The warning came after the publication of an independent report into the theft of the €4m in the African country last year, which found that no action had been taken against any of the senior Ugandan government officials implicated in the fraud.
The report, by Human Rights Watch and Yale Law School’s Lowenstein Clinic, found that the theft of the Irish Aid money was just one of a number of cases in Uganda where money went missing, amid accusations of corruption.
The theft of the money was first spotted by Ugandan officials and in October last year, Tánaiste Eamon Gilmore suspended more than €16m of aid assistance which was due to be channelled to Uganda following the discovery of fraud in the office of the prime minister.
The money was later refunded in full, but yesterday the Department of Foreign Affairs said the publication of the new report, and the lack of action within Uganda against those who may have been involved, was of concern.
A department spokesman said: “Ireland has pressed the government of Uganda for concerted action following the fraud. To date, the Ugandan DPP has opened 99 case files and Irish Aid will be following these cases very closely.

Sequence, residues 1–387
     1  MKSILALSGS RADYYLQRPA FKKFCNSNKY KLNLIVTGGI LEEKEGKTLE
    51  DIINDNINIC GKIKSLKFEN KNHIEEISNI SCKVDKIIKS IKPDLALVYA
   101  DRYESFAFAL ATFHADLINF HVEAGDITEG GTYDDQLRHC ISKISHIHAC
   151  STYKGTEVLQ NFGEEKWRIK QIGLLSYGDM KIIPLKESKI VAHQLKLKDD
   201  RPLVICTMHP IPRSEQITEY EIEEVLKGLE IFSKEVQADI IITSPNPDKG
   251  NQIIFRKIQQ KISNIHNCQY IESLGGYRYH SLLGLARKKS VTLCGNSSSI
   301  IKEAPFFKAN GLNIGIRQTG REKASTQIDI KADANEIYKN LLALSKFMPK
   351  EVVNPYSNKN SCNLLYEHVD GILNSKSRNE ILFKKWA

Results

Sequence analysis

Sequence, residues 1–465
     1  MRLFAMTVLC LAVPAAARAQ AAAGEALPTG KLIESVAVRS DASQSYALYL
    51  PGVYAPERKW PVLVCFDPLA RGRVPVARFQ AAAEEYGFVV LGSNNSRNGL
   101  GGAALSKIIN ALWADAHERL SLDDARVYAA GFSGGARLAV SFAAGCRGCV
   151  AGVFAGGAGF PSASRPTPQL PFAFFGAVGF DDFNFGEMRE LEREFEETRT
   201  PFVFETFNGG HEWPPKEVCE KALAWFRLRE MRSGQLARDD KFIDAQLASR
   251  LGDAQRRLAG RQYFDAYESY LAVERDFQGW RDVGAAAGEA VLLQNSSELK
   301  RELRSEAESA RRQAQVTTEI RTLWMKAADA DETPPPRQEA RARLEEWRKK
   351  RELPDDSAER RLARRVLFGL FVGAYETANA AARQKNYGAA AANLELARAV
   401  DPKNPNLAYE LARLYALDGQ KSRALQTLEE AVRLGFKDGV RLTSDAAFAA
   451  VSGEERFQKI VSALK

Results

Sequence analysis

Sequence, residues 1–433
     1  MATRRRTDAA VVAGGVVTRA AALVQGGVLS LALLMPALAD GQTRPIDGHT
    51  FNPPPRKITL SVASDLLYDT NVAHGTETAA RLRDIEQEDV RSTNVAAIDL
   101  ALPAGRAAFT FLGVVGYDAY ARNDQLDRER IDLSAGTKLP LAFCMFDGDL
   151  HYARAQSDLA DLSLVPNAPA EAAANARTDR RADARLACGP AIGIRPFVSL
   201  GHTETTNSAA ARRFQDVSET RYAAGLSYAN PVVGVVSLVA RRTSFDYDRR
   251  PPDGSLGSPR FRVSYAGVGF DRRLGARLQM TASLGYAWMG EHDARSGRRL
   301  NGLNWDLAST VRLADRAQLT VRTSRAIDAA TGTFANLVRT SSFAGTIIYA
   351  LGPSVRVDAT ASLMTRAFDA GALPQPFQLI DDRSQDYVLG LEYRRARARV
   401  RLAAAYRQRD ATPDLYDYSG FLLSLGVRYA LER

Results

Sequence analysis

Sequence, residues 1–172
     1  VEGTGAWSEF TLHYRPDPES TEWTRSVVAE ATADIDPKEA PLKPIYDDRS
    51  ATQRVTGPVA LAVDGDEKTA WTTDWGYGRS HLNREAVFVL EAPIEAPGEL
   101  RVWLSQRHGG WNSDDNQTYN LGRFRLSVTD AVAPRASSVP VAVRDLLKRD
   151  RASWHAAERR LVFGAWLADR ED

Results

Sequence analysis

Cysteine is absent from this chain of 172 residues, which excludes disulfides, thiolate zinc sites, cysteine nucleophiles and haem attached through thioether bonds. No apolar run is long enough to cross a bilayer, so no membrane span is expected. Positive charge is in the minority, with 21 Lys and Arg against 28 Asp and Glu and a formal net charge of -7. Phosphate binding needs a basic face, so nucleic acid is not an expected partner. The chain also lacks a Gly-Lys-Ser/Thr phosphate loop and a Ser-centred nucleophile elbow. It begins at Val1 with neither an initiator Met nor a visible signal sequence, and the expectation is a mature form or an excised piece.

“In addition, the Office of the Auditor General of Uganda has been conducting follow-on inquiries and audits, with the support of Irish Aid.
“The Government will not return to funding through government systems in Uganda until we are fully confident that the Government has strengthened its internal financial controls and acted against all officials who were implicated in this fraud.”
The new 63-page report, entitled Letting The Big Fish Swim, involved interviews with 48 people with substantive knowledge of anti-corruption efforts in Uganda.
It found that “a lack of political will has crippled Uganda’s anti-corruption institutions, undermining their efforts through political interference, harassment, and threats”.
Human Rights Watch said: “No high-ranking government official, minister, or political appointee has ever served a prison sentence despite investigations into numerous corruption scandals over many years and an impressive array of anti-corruption institutions.”
Instead, the Ugandan government has arrested at least 28 anti-corruption activists who were distributing information to the public.
* Read the full report on exa.mn/uganda